People first heard of AYLØ when he released “Fusion”, an Afro-Fusion track, and it caught the ears of many.
Production is handled by the artist himself, Sute Iwar, Le Mav and DOZ. Midpoint track, “Island Girl”, features Odunsi and King Zamir.
He lists the likes of Soulection, PYRMDPLAZA, SANGO, IAMNOBODI, Kendrick Lamar, J. Cole, Chance The Rapper, Little Simz, Jhene Aiko, Erykah Badu, Nina Simone, Lauryn Hill and The Roots amongst his influences.
He starts “Dreaming”, which opens with shimmering keyboard and the sensual laugh of a woman; a woman who opens the track with a monologue. The subsequent line of “they was cotton pick” is thick and pronounced very African in essence. Bass is deep, rich and unprocessed; aided by jazzy drum.
By this time the vocals proper have set in, suitably moody amidst the kicked back instrumental. “Don’t trust no police” a line particular to the monologue of, this time, a man in the song’s closing moments. It rings out slow, sedate yet ringing.
After that, “Melanin” has similar shimmering keyboard, though aided by some unexpected, yet satisfying, wailing lead on the guitar. “The kind of love that give a ship and me to Mars” an apt line, men are Martians, from the sung vocals dedicated to a significant other.
The raps are packed tight, spoken with fiery determination. Is song title in reference to skin pigment, therefore race? Black pride? This ending also rings out, but maybe with more finality than the previous.
There’s almost an aside in “Island Girl”, which has a woman with an accent very heavy in its African essence, decrying men saying they’re this and that. Deep bass, occasionally slapping and popping to give extra mood, permeates through this particular soundscape.
AYLØ harks back to his “Memories”, which’s kicked back, though moodiness pervades. A brooding track. Processed drum contrasts slightly with the more organic elements, but works well. Its ethereal nature almost sweeps you off your feet, washing over you and, via the crest of a wave, to another place.
The raps, urgent and quite rapid, keep you grounded. However, the vocals do drop to a whisper near the end. You think you’re denied your passage to the land of the soothing sound; but your wish is belatedly granted, eventually.
Come the conclusion, the EP has AYLØ going round in “Circles”. It has a sun kissed vibe, wistful g-funk with melodic, high register bass aplenty. “Who want to be first person to fail?/I’m eatin’ ‘til I feast in the third circle of Hell” is only a small sample of how the track is ripped apart by ferocious lyricism. Badass intellect.
“Circles, circles, one, two, three/Everybody follows but nobody leads” is a hook that even inspires deep thought in itself, instead of being throwaway and inane. That aforementioned high register bass plays beautifully to the song’s end.
There’s a strong effort, here, and, out of five, there are four exemplary tracks. A quality return, on the whole, and a good spread of beginning, middle and end. These are “Dreaming”, “Island Girl”, “Memories” and “Circles”. Even “Melanin” has satisfying, wailing lead on the guitar. The opener, of course, satisfying for its deep bass, rich and unprocessed; aided by jazzy drum.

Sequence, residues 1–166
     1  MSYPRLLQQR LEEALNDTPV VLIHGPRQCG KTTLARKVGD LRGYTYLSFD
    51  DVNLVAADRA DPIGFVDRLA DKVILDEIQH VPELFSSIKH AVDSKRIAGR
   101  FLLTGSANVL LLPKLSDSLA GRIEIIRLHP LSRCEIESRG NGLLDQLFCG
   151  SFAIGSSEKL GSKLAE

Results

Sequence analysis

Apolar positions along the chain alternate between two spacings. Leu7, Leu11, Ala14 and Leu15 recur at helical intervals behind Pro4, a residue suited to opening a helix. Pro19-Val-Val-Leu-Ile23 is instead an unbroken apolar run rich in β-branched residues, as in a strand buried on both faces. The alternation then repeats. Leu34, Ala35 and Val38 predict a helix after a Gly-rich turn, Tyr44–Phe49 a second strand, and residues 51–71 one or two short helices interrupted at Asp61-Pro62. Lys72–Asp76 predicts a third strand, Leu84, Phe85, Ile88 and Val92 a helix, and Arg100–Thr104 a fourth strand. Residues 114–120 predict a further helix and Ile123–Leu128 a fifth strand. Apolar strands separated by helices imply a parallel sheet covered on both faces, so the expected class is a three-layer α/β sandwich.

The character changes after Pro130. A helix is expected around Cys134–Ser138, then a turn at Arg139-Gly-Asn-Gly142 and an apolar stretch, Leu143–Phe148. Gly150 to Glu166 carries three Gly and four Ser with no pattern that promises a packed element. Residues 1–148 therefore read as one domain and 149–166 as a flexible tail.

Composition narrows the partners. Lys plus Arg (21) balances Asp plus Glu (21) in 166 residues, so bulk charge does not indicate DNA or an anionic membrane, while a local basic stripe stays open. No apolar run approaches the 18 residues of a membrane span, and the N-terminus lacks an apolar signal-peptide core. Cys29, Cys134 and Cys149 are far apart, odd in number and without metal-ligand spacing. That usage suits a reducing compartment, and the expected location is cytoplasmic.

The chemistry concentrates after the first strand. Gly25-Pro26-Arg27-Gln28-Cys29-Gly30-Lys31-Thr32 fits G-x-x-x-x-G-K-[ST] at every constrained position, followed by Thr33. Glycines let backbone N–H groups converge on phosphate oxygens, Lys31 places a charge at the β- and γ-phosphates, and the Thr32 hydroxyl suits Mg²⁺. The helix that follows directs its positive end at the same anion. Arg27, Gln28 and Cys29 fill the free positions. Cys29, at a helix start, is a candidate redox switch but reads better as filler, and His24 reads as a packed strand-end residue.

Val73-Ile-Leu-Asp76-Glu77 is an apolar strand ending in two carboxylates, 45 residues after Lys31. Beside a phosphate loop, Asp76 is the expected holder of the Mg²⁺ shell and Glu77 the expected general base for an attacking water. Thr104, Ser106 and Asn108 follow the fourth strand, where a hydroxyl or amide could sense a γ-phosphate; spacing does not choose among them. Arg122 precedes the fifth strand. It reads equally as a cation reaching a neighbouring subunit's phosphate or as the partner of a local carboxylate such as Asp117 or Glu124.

“Island Girl” has similar reasons to like it, in that, again, the bass is a prominent feature and a joy to listen to. This time, however, it slaps and pops, lending extra moody vibes. Either that or the bassist really digs in now and again for extra emphasis. It’s not constant, the moments are chosen well, the feel all the more emphatic for it.
Second from last, “Memories”, is a show of how processed sounds contrast slightly with the more organic elements. This working well, in fact. Not only that, its general ethereal nature is something that threatens to whisk you away to the heavens, only the urgent, rapid raps keeping you grounded. The vocals then drop to a whisper, and your ascendency is eventually granted. Excellent dynamics.
The closer, developing a bit of a theme from throughout, has, again, some prominent bass playing. This time, though, it’s far more melodic and high register than low and punctuating drum. It also has a sun kissed vibe, its wistful g-funk sounds accompanied with ferocious lyricism best described as hungry: “Who want to be first person to fail?/I’m eatin’ ‘til I feast in the third circle of Hell”.
Also, “Circles, circles, one, two, three/Everybody follows but nobody leads” hooks byond the throwaway and inane. It’s a line as if to ask where are the leaders, because the masses are like sheep following blindly.
AYLØ is a welcome surprise, especially with his deployment of live instrumentation. However, he’ll satisfy those with more electronic tastes, too. The way in which these disparate elements manage to meld together is key to this very much strong EP. Soulful and organic, aswell as somewhat hardened and industrial. AYLØ’s Honest Conversations EP can be listened to below.
Words by Andrew Watson